The most prominent function of the pars compacta is motor control, though the substantia nigra's role in motor control is indirect; electrical stimulation of the substantia nigra does not result in movement, due to mediation of the striatum in the nigral influence of movement. The pars compacta sends excitatory input to the striatum via D1 pathway that excites and activates the striatum, resulting in the release of GABA onto the globus pallidus to inhibit its inhibitory effects on the thalamic nucleus. This causes the thalamocortical pathways to become excited and transmits motor neuron signals to the cerebral cortex to allow the initiation of movement, which is absent in Parkinson's disease. However, lack of pars compacta neurons has a large influence on movement, as evidenced by the symptoms of Parkinson's. The motor role of the pars compacta may involve fine motor control, as has been confirmed in animal models with lesions in that region.
The pars compacta is heavily involved in learned responses to stimuli. In primates, dopaminergic neuron activity increases in the nigrostriatal pathway when a new stimulus is presented. Dopaminergic activity decreases with repeated stimulus presentation. However, behaviorally significant stimulus presentation (i.e. rewards) continues to activate dopaminergic neurons in the substantia nigra pars compacta. Dopaminergic projections from the ventral tegmental area (bottom part of the "midbrain" or mesencephalon) to the prefrontal cortex (mesocortical pathway) and to the nucleus accumbens (mesolimbic pathway – "meso" referring to "from the mesencephalon"... specifically the ventral tegmental area) are implicated in reward, pleasure, and addictive behavior. The pars compacta is also important in spatial learning, the observations about one's environment and location in space. Lesions in the pars compacta lead to learning deficits in repeating identical movements, and some studies point to its involvement in a dorsal striatal-dependent, response-based memory system that functions relatively independent of the hippocampus, which is traditionally believed to subserve spatial or episodic-like memory functions.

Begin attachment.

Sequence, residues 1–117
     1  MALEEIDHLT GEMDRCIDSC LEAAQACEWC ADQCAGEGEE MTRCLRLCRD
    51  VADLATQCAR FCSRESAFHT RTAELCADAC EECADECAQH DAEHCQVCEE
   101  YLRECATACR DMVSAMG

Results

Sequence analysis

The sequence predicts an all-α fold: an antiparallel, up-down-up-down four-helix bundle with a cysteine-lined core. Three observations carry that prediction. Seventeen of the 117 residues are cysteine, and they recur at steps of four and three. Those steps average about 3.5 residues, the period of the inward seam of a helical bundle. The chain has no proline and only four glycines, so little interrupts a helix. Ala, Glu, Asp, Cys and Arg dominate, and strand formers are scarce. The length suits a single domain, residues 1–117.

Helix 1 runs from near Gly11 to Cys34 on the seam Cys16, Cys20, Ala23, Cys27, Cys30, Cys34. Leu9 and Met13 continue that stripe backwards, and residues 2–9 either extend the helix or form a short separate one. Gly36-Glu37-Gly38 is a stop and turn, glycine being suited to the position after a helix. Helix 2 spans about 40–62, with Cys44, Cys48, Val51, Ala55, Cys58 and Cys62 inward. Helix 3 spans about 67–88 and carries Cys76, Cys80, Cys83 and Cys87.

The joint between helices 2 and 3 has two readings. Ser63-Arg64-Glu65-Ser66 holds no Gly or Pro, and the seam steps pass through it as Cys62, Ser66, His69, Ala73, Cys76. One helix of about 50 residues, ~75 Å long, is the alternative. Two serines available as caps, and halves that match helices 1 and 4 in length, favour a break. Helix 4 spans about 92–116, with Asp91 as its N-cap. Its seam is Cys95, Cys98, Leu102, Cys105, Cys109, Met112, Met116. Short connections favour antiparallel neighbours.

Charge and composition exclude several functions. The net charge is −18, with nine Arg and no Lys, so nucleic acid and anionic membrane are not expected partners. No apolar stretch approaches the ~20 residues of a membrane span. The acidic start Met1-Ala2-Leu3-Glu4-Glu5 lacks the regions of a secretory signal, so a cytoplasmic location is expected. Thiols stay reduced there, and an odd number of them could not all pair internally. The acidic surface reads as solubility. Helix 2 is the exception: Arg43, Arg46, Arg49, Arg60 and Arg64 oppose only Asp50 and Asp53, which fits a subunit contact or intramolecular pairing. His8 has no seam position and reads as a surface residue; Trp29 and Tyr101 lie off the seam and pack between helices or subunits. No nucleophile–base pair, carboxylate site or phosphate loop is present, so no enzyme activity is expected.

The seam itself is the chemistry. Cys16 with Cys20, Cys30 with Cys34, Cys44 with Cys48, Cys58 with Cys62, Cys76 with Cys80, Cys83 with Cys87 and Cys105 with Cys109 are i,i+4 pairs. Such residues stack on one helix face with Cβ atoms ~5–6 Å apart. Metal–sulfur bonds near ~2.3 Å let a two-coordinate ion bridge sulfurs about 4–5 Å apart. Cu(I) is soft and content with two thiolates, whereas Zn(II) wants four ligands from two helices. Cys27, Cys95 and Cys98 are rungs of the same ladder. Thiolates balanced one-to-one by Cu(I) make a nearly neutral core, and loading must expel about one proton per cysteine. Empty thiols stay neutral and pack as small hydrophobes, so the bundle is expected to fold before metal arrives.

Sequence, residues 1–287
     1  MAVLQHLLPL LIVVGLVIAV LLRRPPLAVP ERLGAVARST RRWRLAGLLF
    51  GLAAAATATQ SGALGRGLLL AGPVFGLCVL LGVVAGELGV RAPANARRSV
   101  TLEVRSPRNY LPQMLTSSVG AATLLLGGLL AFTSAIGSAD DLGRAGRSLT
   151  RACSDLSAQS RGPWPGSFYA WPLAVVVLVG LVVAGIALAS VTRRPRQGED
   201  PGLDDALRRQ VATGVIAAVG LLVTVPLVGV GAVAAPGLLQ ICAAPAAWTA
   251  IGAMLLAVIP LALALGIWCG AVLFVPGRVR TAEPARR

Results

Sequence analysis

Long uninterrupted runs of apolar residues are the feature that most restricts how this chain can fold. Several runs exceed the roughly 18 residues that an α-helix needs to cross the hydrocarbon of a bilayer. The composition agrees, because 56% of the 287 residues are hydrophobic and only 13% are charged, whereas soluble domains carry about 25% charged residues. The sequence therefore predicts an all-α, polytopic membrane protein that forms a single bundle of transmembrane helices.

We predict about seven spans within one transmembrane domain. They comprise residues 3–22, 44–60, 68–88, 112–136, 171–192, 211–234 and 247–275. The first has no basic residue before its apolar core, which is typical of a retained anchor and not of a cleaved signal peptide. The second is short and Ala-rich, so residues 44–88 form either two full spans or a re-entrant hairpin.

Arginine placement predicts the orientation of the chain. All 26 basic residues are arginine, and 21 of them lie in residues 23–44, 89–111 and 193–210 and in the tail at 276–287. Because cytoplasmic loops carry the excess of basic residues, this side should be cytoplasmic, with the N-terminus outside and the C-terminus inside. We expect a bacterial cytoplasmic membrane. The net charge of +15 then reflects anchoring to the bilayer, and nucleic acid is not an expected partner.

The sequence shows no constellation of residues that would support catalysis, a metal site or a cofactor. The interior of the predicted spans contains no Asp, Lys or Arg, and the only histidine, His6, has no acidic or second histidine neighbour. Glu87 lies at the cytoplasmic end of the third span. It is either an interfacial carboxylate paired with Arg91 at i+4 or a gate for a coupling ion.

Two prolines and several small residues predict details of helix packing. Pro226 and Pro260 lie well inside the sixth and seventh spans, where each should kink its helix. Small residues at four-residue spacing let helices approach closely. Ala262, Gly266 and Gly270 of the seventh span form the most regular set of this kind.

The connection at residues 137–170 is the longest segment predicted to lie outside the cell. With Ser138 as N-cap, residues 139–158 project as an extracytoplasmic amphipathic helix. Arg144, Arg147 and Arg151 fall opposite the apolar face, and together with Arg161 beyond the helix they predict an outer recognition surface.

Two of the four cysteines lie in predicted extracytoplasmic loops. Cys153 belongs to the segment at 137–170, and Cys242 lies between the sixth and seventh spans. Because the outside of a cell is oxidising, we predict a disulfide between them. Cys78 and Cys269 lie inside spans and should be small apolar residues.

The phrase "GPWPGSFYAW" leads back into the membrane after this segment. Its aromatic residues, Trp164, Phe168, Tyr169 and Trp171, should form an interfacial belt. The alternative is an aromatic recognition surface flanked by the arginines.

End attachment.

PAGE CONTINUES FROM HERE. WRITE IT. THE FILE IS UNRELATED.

The pars compacta also plays a role in temporal processing and is activated during time reproduction. Lesions in the pars compacta leads to temporal deficits. As of late, the pars compacta has been suspected of regulating the sleep-wake cycle, which is consistent with symptoms such as insomnia and REM sleep disturbances that are reported by patients with Parkinson's disease. Even so, partial dopamine deficits that do not affect motor control can lead to disturbances in the sleep-wake cycle, especially REM-like patterns of neural activity while awake, especially in the hippocampus.
Parkinson's disease is a neurodegenerative disease characterized, in part, by the death of dopaminergic neurons in the SNpc. The major symptoms of Parkinson's disease include tremor, akinesia, bradykinesia, and stiffness. Other symptoms include disturbances to posture, fatigue, sleep abnormalities, and depressed mood.